It is ironic that Sam Harris, who blasts religious dogma, would then use similar dogma to try to create an “objective morality” based upon science. As I have said in the past, I agree with his assessment of the past, present and future danger of religion. My views are fairly clear in the WAKING GOD trilogy of which was said, “It makes The DaVinci Code” read like a church hymn. But somewhere, Sam Harris has gone astray in an attempt to find a working morality in science.
The very notion of a morality is not even an objective idea. To even say there is, or there should be morality does not logically flow from science, but rather from a subjective notion that humanity should live by some form of underlying, or overriding, set of rules. Let’s face it; if we look at traditional science, the only morality you might find is the “survival of the fittest.” Where in the sciences of chemistry, medicine, physics or biology does one find a basis for morality? I guess all atoms are created equal and that they should be able to combine freely with other atoms might work. But even the idea of equal and free are not scientific terms unless you talk of balancing an equation or free radicals.
Further, objectivity in morality would certainly open the proverbial Pandora’s Box. If, for example, we look at nature, we find no rationale for caring for the elderly, sick, or genetically deviant. Nature culls such creatures for the benefit of the whole and to prevent defects from spreading in the population as a whole. Is this objective morality? Sam Harris also points out that enslavement, mutilating female genitalia, public whippings or stonings are morally and empirically wrong. According to our way of thinking, this statement makes sense. But, it is opinion, and opinion is subjective. In an article called “Toward A Science of Morality” in the Huffington Post, Sam Harris says he agrees with physicist Sean Carroll when he says, “I want to start with a hopefully non-controversial statement about what science is. Namely: science deals with empirical reality -- with what happens in the world, (I.e. what "is.").”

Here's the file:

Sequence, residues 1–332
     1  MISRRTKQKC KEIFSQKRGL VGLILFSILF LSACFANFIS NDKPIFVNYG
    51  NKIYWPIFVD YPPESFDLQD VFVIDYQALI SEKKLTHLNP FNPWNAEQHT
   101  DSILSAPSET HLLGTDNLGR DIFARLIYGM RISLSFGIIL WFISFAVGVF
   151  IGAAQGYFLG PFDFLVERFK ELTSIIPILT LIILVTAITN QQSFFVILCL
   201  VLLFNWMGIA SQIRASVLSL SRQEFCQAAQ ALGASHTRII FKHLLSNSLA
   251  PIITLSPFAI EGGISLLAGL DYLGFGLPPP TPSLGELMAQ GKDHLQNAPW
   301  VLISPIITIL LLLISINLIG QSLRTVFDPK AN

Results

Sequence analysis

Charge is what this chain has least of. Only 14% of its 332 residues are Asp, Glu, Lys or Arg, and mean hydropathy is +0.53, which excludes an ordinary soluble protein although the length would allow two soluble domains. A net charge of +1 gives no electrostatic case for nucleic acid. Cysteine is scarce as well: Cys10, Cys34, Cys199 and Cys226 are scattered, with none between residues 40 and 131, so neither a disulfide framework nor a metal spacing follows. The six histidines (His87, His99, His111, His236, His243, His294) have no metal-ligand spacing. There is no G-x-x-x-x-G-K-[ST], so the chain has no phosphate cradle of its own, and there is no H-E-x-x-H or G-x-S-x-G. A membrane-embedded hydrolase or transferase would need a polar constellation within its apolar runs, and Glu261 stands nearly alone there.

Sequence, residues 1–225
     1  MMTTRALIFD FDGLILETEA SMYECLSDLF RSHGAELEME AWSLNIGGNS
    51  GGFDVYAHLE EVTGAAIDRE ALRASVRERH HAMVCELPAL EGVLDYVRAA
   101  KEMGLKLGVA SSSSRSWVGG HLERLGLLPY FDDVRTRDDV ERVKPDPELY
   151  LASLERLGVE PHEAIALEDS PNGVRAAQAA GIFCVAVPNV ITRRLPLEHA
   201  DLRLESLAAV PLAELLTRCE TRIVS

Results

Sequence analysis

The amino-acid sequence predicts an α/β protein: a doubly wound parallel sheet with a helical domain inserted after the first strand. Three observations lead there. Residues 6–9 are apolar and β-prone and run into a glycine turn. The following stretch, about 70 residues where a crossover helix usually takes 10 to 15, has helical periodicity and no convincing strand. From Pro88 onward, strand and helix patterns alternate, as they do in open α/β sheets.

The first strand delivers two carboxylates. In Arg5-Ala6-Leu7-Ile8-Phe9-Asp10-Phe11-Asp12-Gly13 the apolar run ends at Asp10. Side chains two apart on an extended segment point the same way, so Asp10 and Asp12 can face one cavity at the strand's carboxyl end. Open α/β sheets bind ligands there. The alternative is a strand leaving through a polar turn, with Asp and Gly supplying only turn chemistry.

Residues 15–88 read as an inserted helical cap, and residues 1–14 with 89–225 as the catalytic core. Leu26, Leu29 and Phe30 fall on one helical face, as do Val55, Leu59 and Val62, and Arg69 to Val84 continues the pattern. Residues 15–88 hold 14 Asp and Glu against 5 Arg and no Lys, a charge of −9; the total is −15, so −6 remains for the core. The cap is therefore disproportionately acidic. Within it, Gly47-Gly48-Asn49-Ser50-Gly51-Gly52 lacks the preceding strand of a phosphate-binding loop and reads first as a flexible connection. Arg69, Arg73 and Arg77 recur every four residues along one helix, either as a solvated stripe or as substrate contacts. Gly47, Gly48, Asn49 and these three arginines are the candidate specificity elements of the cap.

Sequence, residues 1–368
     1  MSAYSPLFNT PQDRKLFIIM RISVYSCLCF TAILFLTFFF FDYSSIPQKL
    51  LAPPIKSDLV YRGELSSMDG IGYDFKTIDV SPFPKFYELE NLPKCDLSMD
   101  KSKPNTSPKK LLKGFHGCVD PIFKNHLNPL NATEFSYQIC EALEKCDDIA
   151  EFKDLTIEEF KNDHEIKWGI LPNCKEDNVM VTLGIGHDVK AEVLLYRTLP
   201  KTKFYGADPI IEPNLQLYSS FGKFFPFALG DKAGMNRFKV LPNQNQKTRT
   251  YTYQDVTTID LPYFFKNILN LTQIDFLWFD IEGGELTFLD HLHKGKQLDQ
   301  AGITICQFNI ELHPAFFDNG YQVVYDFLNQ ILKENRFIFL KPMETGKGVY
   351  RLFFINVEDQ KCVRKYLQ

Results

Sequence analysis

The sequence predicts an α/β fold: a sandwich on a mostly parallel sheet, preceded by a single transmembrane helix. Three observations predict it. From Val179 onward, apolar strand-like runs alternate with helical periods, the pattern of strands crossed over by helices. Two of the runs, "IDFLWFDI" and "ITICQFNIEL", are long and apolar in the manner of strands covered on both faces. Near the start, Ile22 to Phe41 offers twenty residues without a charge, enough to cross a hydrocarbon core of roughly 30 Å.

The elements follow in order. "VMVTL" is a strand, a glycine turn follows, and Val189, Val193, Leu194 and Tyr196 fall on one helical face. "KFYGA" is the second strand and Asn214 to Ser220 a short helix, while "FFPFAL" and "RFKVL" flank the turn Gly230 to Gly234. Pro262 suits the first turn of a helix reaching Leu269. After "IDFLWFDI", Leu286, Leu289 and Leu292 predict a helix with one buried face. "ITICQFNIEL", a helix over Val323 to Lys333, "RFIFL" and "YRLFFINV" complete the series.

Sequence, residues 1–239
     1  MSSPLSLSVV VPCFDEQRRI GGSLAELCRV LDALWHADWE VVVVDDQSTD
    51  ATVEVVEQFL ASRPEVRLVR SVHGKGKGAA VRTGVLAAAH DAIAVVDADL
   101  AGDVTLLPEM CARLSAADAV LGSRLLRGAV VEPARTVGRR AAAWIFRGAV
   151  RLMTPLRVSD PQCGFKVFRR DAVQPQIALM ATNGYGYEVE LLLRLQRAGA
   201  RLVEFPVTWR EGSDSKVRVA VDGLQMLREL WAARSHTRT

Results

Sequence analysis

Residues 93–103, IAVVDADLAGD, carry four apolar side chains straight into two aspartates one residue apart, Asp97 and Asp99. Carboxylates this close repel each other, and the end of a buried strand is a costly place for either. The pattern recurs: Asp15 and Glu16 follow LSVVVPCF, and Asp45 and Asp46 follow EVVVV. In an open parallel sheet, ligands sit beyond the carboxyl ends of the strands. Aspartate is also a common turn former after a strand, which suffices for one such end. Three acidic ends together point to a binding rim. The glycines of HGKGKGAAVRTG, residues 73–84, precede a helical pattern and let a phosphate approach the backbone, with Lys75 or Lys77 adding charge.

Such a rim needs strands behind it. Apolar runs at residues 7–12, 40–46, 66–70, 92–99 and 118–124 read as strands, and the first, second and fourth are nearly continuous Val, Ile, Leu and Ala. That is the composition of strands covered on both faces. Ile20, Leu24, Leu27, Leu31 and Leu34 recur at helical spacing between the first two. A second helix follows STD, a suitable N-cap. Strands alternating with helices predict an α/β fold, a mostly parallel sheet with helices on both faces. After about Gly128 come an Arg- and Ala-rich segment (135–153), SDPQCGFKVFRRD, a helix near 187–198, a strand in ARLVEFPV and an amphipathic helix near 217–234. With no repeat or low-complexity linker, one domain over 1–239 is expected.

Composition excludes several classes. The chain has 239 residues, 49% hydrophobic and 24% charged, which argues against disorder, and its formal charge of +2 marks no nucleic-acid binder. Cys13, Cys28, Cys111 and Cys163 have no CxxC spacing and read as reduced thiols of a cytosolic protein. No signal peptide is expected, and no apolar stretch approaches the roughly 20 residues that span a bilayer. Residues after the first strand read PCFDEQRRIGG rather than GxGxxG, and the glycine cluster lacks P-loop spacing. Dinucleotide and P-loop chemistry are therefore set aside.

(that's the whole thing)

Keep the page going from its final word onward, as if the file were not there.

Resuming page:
At this point, the entire argument must totally shift. What Sam Harris fails to realize is that discussing issues like the definition of ‘well-being’ is not at the heart of the debate. He seems to think that there is a scientific definition that can lead us out of the valley of death of religious dogma into and into the garden of scientific objectivity. This garden would be free of cultural and religious differences and would create an empirical definition that would be beyond reproach. Sam Harris, unfortunately, has fallen prey to his own outdated paradigm. There is no such thing as objectivity. If this is true, then the notion of an objective morality must be tossed out the window, both the bathwater and the baby.
Look at the following excerpt from a piece written by Robert Lanza. It is but one of many articles that clearly indicate that science is leading us away from any notion of objectivity within the universe. It is becoming increasingly clear that the observed and the observer are one. This being the case, we must discover a new paradigm outside of religion and science that can lead us to a moral high ground.
“But a series of new experiments suggest this may be all wrong, and that part of us exists outside of the physical world. The implications of these experiments have been downplayed because, until recently, quantum behavior was limited to the microscopic world. However, this 'two-world' view (that is, one set of physical laws for small objects, and another set of laws for the rest of the universe, including us) has no basis in reason, and more importantly, is being challenged in labs around the world.